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The shale natural gas upswing in the U.S. has been well documented, but closely watched short-seller Jim Chanos told CNBC he's a "glass half-empty kind of guy," and there's a downside to boom.
At historically low nat gas prices of around $3.75 per million British thermal units, "some of the levered players are struggling to cover their debt service and their obligations to drill more holes under their leases," Chanos said on "Squawk Box" on Thursday.
A day earlier, energy entrepreneur T. Boone Pickens appeared on the show, saying he's unlikely in his lifetime to see nat gas back up to $10.
Every time prices get up to around $5 or $6, production kicks into high-gear again, which in turns pushes prices down, the 85-year-old BP Capital founder said.
Chanos, founder and president of Kynikos Associates, deferred to Pickens—saying "he certainly knows more about that than I'll ever know" but added, "it does seem that natural gas is pretty range-bound here for a while. And production is basically still increasing. Even down here."
"For some of the guys who paid too much acreage, clearly it's been a struggle," he added. "It's an area you have to do fundamental work on. You can't just say, 'Oh, this is bullish. I'm going to buy natural gas producers.' They all have different capital structures and lease obligations."
Natural gas boom slams coal
The boom in nat gas supplies, and the subsequent low prices, is "bad news for global coal as more and more countries switch over to natural gas," said Chanos. "It's not only going to be the U.S., [but] ultimately China ... and Europe more so."
"Most of the leveraged coal guys you can assume we're short," he said. "I think they're almost all problematic."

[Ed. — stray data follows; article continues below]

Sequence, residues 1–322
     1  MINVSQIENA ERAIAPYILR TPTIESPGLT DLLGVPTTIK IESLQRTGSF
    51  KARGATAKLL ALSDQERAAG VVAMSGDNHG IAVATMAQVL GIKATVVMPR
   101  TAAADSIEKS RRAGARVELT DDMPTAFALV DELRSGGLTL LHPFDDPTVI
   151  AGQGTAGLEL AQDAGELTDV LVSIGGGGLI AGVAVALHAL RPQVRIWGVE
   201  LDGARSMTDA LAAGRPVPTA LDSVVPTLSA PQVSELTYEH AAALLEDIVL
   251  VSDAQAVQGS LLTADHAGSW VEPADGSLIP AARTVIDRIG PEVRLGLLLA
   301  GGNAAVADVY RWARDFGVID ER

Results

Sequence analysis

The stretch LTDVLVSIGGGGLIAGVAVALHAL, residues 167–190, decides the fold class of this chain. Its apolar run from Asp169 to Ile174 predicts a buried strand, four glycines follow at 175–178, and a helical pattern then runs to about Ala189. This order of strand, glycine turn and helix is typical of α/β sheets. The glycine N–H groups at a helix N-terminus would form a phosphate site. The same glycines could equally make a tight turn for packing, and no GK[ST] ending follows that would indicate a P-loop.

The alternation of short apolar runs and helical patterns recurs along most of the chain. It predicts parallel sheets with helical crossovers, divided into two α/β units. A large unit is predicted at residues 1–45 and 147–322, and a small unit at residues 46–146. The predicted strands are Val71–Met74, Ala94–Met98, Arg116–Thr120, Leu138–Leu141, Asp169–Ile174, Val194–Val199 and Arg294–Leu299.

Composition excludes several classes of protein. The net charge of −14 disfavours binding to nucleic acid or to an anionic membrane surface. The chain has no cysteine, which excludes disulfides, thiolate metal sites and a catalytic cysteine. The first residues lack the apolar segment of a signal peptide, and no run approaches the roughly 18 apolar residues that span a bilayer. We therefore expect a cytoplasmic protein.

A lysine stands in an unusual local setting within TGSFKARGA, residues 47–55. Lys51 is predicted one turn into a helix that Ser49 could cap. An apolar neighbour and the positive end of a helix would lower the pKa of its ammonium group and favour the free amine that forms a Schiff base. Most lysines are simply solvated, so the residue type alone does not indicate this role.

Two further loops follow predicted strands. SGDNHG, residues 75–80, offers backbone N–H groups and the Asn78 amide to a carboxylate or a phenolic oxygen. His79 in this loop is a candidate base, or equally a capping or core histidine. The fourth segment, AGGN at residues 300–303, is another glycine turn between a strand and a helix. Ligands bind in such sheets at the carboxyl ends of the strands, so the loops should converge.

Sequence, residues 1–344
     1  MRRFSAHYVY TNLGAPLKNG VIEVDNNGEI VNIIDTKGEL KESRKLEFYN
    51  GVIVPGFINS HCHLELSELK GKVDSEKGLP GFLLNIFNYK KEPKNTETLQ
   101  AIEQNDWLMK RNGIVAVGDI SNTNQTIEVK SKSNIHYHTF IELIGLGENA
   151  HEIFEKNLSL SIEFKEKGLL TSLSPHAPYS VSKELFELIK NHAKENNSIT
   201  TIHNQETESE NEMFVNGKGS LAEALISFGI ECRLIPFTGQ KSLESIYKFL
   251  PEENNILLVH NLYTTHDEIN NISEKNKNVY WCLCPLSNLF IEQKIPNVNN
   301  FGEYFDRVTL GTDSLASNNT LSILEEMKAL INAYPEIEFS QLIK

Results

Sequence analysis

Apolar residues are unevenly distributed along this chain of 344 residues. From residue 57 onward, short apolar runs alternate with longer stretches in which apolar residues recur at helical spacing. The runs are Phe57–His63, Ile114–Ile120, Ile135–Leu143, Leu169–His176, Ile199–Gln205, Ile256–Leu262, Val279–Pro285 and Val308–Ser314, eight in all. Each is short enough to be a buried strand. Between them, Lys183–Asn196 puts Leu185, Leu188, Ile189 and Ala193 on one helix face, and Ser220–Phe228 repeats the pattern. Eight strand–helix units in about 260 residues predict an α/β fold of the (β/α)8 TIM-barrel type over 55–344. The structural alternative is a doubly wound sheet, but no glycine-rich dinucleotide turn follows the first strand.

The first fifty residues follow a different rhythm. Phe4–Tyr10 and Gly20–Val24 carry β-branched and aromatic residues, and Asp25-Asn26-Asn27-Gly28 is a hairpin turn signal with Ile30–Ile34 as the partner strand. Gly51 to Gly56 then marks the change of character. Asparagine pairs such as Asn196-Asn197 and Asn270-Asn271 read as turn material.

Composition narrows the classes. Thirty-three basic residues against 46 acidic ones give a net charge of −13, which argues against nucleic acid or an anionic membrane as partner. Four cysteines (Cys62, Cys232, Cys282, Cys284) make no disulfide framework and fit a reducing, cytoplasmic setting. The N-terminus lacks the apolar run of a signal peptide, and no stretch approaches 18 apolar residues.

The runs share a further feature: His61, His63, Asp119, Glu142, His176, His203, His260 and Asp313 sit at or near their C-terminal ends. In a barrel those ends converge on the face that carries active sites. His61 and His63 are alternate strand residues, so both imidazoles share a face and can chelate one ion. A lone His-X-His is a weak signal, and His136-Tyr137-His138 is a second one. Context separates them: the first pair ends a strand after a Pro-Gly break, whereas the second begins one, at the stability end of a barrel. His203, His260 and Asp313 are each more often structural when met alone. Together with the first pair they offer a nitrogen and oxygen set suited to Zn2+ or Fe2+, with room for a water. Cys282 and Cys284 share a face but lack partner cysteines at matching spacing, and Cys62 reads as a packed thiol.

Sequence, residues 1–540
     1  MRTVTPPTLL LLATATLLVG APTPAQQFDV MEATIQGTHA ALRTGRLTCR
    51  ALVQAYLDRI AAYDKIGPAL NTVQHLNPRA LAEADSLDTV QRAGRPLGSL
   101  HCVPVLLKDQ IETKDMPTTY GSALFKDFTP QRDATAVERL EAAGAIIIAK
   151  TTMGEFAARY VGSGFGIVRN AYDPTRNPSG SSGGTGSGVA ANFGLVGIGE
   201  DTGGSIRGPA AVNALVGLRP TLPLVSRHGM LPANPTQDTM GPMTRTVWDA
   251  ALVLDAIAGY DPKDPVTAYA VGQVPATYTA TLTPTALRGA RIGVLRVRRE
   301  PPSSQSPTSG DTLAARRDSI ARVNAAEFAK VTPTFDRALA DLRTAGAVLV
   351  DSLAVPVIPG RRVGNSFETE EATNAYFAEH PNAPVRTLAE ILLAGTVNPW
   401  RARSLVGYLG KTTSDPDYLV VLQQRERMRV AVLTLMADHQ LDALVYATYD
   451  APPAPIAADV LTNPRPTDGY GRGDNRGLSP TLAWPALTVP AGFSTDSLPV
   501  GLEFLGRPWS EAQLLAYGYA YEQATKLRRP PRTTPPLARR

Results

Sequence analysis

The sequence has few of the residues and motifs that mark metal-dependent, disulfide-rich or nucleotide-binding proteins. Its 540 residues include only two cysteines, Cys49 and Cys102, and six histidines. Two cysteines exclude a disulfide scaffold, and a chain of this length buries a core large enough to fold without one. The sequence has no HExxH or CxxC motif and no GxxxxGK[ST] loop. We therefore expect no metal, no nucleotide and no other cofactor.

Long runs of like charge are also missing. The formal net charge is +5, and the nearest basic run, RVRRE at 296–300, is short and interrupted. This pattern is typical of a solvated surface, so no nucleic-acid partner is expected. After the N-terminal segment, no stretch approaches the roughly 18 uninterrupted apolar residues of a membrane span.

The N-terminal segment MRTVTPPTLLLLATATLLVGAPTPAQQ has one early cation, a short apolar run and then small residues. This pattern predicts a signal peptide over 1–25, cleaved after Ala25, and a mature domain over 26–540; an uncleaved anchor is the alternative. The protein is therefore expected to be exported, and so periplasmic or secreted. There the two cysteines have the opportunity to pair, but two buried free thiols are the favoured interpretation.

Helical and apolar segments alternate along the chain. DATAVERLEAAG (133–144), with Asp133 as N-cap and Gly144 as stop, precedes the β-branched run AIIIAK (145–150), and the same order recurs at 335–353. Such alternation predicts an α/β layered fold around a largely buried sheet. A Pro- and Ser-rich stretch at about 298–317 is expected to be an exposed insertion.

Chanos, whose hedge fund has $5 billion in assets under management, added, "Cheap gas burns better, easier to transport, and ultimately when we liquify it it'll be easier to transport globally."
This past week, the Energy Information Administration estimated that the U.S. will be the top producer of oil and natural gas in 2013, surpassing Russia and Saudi Arabia. (Read more: )
Shorting major oil companies?
For Exxon and others, they've had "a great business that's really becoming a mediocre business" right now, he added. "Their problem is finding costs" in reserves like deep-water drilling and the Arctic. "These are all much, much, more expensive places to be doing business."
"[But] they're in a lot better shape than the national oil guys; Petrobras, Ecopetrol (Colombia), and PetroChina (China) and companies like this who are really not businesses," Chanos said. "They're pass through [political] vehicles for their citizens. That's our thesis there."
In effect, he continued, "Western shareholders and bondholders are subsidizing the citizens of Brazil through Petrobras."
"They cannot charge full gasoline and diesel prices," Chanos said. "And meanwhile, they have to do business with Brazilian suppliers. They're getting it on both ends."